May 8, 2016

Cornell Women’s Lacrosse Wins First Ever Ivy League Tournament Championship

Print More

Cornell is now home to the top dogs in the Ivy League. This weekend, the women’s lacrosse team traveled to Philadelphia to play in the Ivy League tournament, and today the Red earned a victory over rival No. 12 Penn to win the tournament and bring the Ivy League Tournament trophy to Ithaca for the first time in program history.

On Friday afternoon, the Red faced off against Princeton, one of only four teams who managed to defeat Cornell during the team’s phenomenal spring season, and both teams were out for blood. Scoring went back and forth between the Red and the Tigers all game, and at the end of regulation both teams had nine goals, forcing overtime. However, once the whistle blew to start the overtime period, the Red won the draw and never looked back.

“Princeton was definitely back and forth, [but] we had a decent amount of control,” said senior co-captain Emily Tripodi. “We went into overtime, we got that draw and we knew that we had that momentum, and Catherine Ellis just tossed it away. It was an amazing win, just a great game.”

Ellis’ goal was the finishing touch in the game, and ended the Tigers’ quest for an Ivy League Tournament Championship, but the weekend continued for the Red. After a day of rest on Saturday, the women’s lacrosse team got up early for the championship showdown against Penn, the only Ivy other than Princeton who beat the Red. The Quakers topped Cornell last week when they came to Ithaca, winning the regular season conference title.

Cornell jumped out to a big lead in the first half, getting an 8-3 lead before halftime on goals from sophomore Taylor Reed, junior Kristy Gilbert, sophomore Joey Coffy, junior Amie Dickson, junior Catherine Ellis and senior Olivia Mattyasovszky. In the second half, Penn came roaring back and was able to cut the lead to just a one goal, but the Red maintained control of the game and came out with the victory, 11-10.

“We started really well in the first half and built the lead, which was excellent, but Penn is a very experienced tournament team, and they definitely mounted a comeback,” said head coach Jenny Graap ‘86.

The Red watched its lead evaporate as Penn methodically worked its way back into the game.

“The tide definitely turned a little bit in the second half and Penn started to come back on us,” Graap said. “But I think it was really very pivotal that Cornell’s team stayed composed and honestly I think the leadership on the field and particularly the senior class did a great job in keeping everyone settled down and able to withstand that comeback.”

With the victory, Cornell earns the title of Ivy League Tournament Champions and recieves an automatic bid into the NCAA postseason tournament. Additionally, the game was special for Graap, who earned her 200th win with the Cornell women’s lacrosse program. Graap was a member of the team when she attended Cornell and is now in her 19th year with the program as a coach. Once an outstanding lacrosse player an All-American herself, Graap’s experience still shapes her team’s performance. Twice in the second half, she called timeouts at pivotal times that allowed her team to refocus themselves and maintain its lead.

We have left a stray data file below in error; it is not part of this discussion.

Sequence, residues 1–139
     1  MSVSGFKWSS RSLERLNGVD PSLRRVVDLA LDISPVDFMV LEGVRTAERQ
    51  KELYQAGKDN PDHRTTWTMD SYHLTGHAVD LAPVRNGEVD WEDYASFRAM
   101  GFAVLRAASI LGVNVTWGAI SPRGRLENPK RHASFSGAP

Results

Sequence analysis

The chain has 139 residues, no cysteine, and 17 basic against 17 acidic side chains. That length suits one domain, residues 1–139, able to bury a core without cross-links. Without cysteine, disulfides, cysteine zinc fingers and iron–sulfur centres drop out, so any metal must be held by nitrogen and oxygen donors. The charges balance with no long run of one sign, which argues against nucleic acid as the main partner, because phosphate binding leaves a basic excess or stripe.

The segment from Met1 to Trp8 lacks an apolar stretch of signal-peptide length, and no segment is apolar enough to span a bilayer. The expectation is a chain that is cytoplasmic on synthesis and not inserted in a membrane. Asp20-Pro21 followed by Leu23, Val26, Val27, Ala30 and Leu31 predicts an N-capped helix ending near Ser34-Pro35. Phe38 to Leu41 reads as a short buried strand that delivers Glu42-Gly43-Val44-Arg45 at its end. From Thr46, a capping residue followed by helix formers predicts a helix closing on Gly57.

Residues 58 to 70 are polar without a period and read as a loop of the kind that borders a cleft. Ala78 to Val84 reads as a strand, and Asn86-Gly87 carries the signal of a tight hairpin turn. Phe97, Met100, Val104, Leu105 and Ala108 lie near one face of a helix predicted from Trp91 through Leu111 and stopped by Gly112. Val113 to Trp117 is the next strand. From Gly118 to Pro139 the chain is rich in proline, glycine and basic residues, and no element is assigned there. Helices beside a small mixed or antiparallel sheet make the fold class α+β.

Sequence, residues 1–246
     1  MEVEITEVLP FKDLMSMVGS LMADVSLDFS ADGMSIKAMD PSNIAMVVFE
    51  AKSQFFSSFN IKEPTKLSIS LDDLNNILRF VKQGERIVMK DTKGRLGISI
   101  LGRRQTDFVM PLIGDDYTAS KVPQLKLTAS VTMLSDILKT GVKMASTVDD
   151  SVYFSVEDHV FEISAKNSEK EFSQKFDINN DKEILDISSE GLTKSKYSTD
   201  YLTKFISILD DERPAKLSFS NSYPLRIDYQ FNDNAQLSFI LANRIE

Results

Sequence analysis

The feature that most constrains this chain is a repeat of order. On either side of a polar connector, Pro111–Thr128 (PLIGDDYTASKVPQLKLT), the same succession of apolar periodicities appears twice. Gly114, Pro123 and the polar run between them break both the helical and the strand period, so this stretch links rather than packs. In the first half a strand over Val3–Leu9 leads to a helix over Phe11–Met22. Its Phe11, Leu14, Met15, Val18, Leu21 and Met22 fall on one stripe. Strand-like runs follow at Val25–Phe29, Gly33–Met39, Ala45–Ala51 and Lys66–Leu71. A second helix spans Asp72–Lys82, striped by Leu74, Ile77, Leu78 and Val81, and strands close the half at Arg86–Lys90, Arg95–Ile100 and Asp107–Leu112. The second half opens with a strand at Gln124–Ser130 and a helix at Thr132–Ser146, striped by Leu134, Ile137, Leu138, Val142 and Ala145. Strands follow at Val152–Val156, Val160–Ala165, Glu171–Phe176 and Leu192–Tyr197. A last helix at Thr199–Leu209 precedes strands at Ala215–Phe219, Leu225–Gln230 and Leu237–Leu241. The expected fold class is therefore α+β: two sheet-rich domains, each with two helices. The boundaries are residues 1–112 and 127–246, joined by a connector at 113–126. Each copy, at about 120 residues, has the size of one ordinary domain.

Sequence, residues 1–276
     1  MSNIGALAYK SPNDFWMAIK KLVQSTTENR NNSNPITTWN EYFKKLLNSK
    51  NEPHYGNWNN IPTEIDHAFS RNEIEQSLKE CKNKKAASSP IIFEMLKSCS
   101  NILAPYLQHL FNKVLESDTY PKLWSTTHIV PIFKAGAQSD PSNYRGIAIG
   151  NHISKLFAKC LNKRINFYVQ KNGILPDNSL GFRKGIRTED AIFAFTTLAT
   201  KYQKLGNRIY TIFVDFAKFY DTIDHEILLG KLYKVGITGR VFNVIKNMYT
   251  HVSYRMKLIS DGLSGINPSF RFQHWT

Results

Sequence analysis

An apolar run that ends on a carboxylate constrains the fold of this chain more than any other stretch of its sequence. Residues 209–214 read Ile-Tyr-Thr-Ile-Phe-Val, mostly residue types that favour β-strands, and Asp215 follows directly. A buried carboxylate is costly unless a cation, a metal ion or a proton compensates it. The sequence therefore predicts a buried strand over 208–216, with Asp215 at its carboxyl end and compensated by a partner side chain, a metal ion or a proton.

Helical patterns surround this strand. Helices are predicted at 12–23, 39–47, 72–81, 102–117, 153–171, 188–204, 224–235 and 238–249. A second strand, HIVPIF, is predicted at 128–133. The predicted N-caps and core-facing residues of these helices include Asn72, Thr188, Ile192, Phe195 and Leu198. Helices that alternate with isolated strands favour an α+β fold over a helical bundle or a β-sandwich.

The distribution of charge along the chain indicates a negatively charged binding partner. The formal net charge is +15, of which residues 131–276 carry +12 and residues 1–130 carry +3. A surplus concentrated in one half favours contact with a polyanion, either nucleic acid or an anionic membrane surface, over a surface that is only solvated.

“Some of it is just reminding them of the game plan and giving them good information and powering each other,” Graap said. “A great part of timeouts is that we get to come together as a team, and that’s our strength, our strength is being a team and the girls on the bench get to slap everybody on the back and bolster them up, and help out, and that’s really been the story of this squad for 2016.”

Graap stressed how timeouts can provide much needed teamwork and support.

“Sometimes you’re on the field and sometimes you’re on the bench, but I do think some of timeouts are really just bringing the chemistry together,” Graap said. “It’s not so much always what is said, as it is the feeling of strength and that when we come together we all have each other’s backs and support each other.”

The success of the entire 2016 spring season for the women’s lacrosse team has definitely been a team effort, with multiple players putting in the work on offense and defense to earn the win week to week. Some players have truly distinguished themselves this season, such as Tripodi who set the program record for assists earlier this spring.

Senior Maddie Kiep earned a career high nine draw controls Sunday against Penn and sophomore Taylor Reed had a breakout season, earning Most Outstanding Player of the tournament Sunday. Mattyasovszky, Coffy, Dickson, Ellis and junior goalkeeper Renee Poullott continued their stellar performances from the regular and were all named to the All-Tournament Team.

Up next for the Red is the NCAA Tournament. This marks the team’s first appearence in the national tournament since 2006. Cornell earned the eighth seed and will host Canisius, the Metro Atlantic Athletic Conference champion. The Red has defeated Canisius twice in program history, the most recent victory coming in 2013. The tournament field includes 26 teams